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Social determinants of health — health care isn't just bugs and bacteria

Dr. Jonathan Fielding, distinguished professor of health policy and management at the UCLA Fielding School of Public Health, co-authored an opinion piece published in The Hill about a new bill that would make grants available to states and communities to help people with housing, employment, and other non-medical factors that affect their health.

Wednesday, September 4, 2019

Everyone understands how the flu, diabetes and heart disease drastically impact our health, but social determinants like income inequality, poor public transportation and housing instability can have an even greater effect on well-being. For example, life expectancy increases with income. More than one-fifth of the people living in households earning less than $35,000 annually say their health is fair or poor, which is four times greater than what is reported by people living in households earning $100,000 or more. Poorly planned public transportation increases pollution, sedentary living and miles driven, which collectively can contribute to cancer, congenital anomalies, heart disease and stroke. Poor quality housing exposes its occupants to mites and other pest infestations and damp, moldy conditions lead to asthma and other respiratory illness.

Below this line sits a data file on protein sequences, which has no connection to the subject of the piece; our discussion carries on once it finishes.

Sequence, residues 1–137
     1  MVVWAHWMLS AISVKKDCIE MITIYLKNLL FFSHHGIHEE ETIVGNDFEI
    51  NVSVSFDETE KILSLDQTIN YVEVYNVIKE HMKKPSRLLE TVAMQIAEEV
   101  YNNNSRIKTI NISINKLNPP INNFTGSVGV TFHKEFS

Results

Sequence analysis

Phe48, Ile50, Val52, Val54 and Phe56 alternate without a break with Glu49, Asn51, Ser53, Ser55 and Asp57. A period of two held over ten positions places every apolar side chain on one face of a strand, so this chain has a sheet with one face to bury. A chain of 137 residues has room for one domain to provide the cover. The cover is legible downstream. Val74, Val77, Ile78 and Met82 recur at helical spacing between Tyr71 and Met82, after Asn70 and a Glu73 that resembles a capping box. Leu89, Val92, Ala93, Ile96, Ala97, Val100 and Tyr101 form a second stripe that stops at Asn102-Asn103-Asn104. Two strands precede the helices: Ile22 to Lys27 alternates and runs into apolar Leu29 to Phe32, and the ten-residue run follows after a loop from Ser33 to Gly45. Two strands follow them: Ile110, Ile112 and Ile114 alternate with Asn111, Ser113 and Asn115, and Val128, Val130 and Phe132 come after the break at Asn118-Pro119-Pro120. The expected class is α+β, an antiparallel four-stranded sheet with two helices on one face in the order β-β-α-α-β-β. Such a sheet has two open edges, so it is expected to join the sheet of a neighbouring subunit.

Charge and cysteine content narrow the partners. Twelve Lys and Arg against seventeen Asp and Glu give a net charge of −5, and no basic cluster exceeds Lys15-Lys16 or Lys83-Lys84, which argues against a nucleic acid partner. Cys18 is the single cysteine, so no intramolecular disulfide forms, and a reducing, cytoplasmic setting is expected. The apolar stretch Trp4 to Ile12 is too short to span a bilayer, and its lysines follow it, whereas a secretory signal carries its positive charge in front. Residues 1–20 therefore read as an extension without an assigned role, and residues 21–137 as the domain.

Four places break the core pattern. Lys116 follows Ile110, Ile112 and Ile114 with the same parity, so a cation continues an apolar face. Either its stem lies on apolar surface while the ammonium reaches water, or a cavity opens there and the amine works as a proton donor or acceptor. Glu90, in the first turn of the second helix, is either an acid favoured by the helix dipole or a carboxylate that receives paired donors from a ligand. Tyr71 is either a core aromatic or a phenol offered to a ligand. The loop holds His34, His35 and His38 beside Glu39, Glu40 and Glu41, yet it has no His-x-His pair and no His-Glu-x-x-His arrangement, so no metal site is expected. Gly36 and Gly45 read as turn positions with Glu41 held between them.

These are just a few of the community-level factors that not only increase medical costs but also lessen children’s school performance and achievement and limit our economic productivity by increasing absenteeism and decreasing presentism at work. Yet, despite the tremendous, lifelong impact of our community conditions on our health, we focus most of our energy and resources on treating the outcomes of these problems but lack the essential urgency for attacking the root causes of poor health.

The Social Determinants Accelerator Act is a good first step focusing on low-income Americans and the specific social needs affecting their health. But our nation’s problems of excessive medical care costs coupled with worsening life expectancy can only be solved when we address the impacts of larger, systemic problems, like multi-generational poverty, institutional racism and historic trauma.  

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